You may hate soap operas – but you cannot deny they are a great representation of the Brazilian people’s creativity and state of mind at a given moment in history. Here are 10 stories that glued the country to the sofa, launched fashion trends and new slangs.
1968 – Beto Rockfeller
Created by now extinct Tupi TV, this soap began a small revolution in Brazilian television, that so far was producing only stories based in Mexican tearful melodramas. It created a national soap opera language, introducing slang, naturalistic interpretation and the use of Brazilian songs as scores. It obliged Tupi’s main rival, Rede Globo, to change its approach.
1973 – O Bem Amado/ Beloved
Odorico Paraguaçu is a corrupt mayor in a small town in Bahia, followed around by three adoring maidens. He wants to inaugurate the new cemetery – but has no corpse to bury. Written by play writer Dias Gomes, it was the first soap opera produced in colors. He hires Zeca Diabo, to kill somebody to enable the opening ceremony. Ironically, the gunman kills the mayor. Two major actors interpreted these characters: Paulo Gracindo (Odorico) and Lima Duarte (Zeca Diabo).
1976 – Escrava Isaura
Emblematic of a time blacks had so little space in Brazilian TV that even slaves had to be white to have the leading part. Based in the novel by Bernardo Guimarães, it tells the story of the milky skinned slave that finds freedom and love in the arms of an abolitionist. It was a worldwide success and astonishingly popular in China, where actress Lucélia Santos became a national muse. The main song “Lê lê lê lê, vida de negro é difícil” (life of blacks is tough) is still these days invoqued when one is overloaded with work.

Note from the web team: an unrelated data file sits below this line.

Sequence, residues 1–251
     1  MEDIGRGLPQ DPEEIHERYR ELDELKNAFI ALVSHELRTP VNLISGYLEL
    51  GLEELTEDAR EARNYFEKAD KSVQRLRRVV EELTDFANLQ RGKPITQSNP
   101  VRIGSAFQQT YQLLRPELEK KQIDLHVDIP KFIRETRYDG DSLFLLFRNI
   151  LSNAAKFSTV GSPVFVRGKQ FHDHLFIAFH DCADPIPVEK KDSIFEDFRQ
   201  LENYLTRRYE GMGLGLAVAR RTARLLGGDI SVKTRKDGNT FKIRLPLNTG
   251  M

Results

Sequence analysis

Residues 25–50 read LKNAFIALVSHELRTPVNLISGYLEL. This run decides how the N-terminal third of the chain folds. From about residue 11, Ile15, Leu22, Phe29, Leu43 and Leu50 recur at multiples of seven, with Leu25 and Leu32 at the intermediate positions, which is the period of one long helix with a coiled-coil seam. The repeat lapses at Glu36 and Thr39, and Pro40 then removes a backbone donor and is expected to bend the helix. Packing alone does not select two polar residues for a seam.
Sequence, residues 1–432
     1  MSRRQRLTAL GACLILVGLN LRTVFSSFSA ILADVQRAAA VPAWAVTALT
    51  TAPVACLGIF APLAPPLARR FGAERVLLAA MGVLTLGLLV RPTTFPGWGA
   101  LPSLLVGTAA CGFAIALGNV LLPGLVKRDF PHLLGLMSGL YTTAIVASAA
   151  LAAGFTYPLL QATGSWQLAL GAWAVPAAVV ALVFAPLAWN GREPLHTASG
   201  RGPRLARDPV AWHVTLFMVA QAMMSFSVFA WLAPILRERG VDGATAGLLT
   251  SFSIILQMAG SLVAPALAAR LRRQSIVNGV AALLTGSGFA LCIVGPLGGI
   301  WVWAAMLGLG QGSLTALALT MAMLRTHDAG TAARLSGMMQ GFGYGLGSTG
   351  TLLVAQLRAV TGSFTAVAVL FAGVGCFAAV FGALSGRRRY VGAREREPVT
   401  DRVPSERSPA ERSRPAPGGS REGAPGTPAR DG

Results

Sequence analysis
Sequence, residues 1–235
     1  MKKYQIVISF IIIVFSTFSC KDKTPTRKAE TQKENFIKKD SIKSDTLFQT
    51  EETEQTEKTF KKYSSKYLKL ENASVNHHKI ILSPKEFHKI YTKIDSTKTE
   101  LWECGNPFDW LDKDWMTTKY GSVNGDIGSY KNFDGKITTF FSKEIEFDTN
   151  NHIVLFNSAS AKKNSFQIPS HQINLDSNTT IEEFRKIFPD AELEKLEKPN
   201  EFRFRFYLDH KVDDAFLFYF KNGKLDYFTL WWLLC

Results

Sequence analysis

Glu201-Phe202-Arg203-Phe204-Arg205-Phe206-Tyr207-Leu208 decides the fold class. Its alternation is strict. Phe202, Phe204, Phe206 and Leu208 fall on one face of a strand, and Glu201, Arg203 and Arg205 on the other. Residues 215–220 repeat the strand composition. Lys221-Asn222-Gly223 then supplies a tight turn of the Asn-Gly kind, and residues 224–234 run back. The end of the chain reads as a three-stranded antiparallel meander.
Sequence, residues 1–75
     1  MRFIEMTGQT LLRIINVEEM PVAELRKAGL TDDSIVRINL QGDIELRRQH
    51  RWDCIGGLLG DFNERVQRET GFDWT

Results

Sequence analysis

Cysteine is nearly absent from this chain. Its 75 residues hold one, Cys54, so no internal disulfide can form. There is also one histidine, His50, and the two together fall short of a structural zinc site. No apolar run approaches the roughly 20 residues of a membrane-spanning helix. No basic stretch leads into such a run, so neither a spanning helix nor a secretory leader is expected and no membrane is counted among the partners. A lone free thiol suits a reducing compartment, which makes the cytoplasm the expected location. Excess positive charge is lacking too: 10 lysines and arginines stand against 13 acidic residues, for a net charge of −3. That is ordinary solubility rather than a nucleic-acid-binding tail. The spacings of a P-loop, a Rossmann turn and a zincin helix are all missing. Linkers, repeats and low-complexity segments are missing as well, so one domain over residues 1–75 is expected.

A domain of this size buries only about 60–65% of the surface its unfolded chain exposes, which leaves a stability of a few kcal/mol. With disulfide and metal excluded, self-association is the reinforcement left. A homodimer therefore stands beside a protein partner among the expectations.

1976 – Saramandaia
A surreal classic – another story by Dias Gomes depicting life in a small town of the Northeast.
Its most famous scene, the explosion of Dona Redonda (Round Lady):
1983 – Guerra dos Sexos/War of the Sexes
The confront of two giants of Brazilian theatre/TV/movies, Fernanda Montenegro and Paulo Autran, in a slapstick comedy.
1985 – Roque Santeiro
My all-time favorite is another Dias Gomes soap opera. It was produced after 15 years waiting for censorship relief. The love story of the flamboyant fake widow of a mythical hero – that never really existed – and a powerful coronel (a rich landowner).
1988 – Vale Tudo/ Anything is Allowed
Here where snobbish bad girl Odete Roitman has a cat fight with her daughter, drunkard Heleninha. For months the country tried to discover who killed the hated Odete.
One more scene of Odete, kissing an equally bad guy and exposing herself to the worst of all blackmailers, Maria de Fátima!
1990 – Pantanal
Now defunct TV Manchete produced this unconventional love story of an urban boy and a mysterious girl that sometimes morphs into a jaguar in the idyllic landscape of Pantanal, the main watershed of the continent. Lots of naked girls bathing in the rivers made it wildly successful.
1996 – Xica da Silva
Another soap produced by Manchete. This period piece also used abundant waterfall baths scenes to tell the story of the slave who seduced a powerful Portuguese official. It revealed several future stars, such as Taís Araújo (the first black leading character in Brazilian TV), Drica Moraes and Giovana Antonelli.
Lots of chapter can be partially seen on Youtube dubbed in Spanish.
2001 – O Clone/The Clone
This unexpected mix of Islam and genetic experiment had a Moroccan beauty falling for a Brazilian man and, years later, for his own clone. So bizarre it was a blast.